Italian mayor says he's putting his town up for sale

Cyclists pass through the province of Avellino during the 92nd Giro d'Italia cycle race. Image copyright DAMIEN MEYER/AFP/Getty Images
Image caption San Sossio Baronia is in the Avellino province of southern Italy

An Italian mayor has asked on social media for a "wealthy Chinese investor" to buy his cash-strapped town.

Francesco Garofalo has been the mayor of the rural town of San Sossio Baronia in southern Italy for seven years, in a region more known for its centuries-old production of hazelnuts than its foreign investment.

Garofalo posted the unusual plea for help on Facebook, explaining that the town was facing a "perennial lack of money" due to tough economic times:

Image copyright Facebook

He clarified his comments on an Italian website insisting that the town was a good investment given its "strong tourism potential".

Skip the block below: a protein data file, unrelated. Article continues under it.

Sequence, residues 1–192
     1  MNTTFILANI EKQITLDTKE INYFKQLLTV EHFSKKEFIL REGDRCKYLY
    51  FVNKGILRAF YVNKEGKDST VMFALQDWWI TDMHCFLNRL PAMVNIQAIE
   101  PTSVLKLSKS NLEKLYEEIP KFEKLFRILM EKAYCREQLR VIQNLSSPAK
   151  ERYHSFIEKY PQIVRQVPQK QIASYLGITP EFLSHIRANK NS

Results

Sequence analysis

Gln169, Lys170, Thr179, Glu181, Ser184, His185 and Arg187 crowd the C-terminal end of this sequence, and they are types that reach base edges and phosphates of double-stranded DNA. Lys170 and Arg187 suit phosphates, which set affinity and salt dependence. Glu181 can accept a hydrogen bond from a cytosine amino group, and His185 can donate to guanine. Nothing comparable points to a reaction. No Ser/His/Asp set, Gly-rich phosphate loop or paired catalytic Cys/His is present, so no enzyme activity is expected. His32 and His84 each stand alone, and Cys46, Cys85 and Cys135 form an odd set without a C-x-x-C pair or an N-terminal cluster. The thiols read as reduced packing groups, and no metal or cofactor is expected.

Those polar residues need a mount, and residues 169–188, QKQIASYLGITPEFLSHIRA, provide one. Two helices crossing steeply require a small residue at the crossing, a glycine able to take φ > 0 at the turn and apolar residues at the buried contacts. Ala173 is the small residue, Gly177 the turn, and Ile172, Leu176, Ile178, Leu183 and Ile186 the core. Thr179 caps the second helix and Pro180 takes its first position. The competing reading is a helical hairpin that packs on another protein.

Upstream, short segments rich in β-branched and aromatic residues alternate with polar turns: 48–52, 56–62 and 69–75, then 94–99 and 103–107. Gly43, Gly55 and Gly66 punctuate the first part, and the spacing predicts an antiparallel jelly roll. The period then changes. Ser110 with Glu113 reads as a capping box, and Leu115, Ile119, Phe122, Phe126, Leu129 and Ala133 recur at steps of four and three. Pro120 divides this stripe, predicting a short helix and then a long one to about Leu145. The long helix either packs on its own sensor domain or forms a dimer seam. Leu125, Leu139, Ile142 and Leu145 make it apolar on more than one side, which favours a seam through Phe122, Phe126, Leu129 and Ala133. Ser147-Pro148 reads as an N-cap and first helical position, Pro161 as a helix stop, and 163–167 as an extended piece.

He also joked that the price tag was lower than the value of Italian football clubs Inter Milan and AC Milan, that have both caught the eye of Chinese investors in recent months.

Mixed response

The mayor's comments have prompted some reaction on social media.

Facebook user, Carmelo Contardo, posted: "Don't speak too loudly - or the Chinese will arrive sooner".

Mario de Guglielmo posted: "Be careful, dear mayor because the proposal is tempting, especially these days. [Selling the town to the Chinese] could be a solution, since the political class at government level has abandoned us, especially the small communities."

Raising awareness

Garofalo wrote back saying that "negotiations" were underway, but that any deal would hinge on getting the right price for the town.

He went on to say: "I asked for 400 million Euros (around a million Euros per household in the town), but so far I've only been offered 250 million Euros."

The mayor admitted in a later Facebook post that his comments were in fact a provocation aimed at raising awareness of the economic issues the town of faces.

He is hoping to use his time in the limelight to organise a football friendly between San Sossio Baronia and the Chinese-owned Inter Milan.

By Daniel Avis

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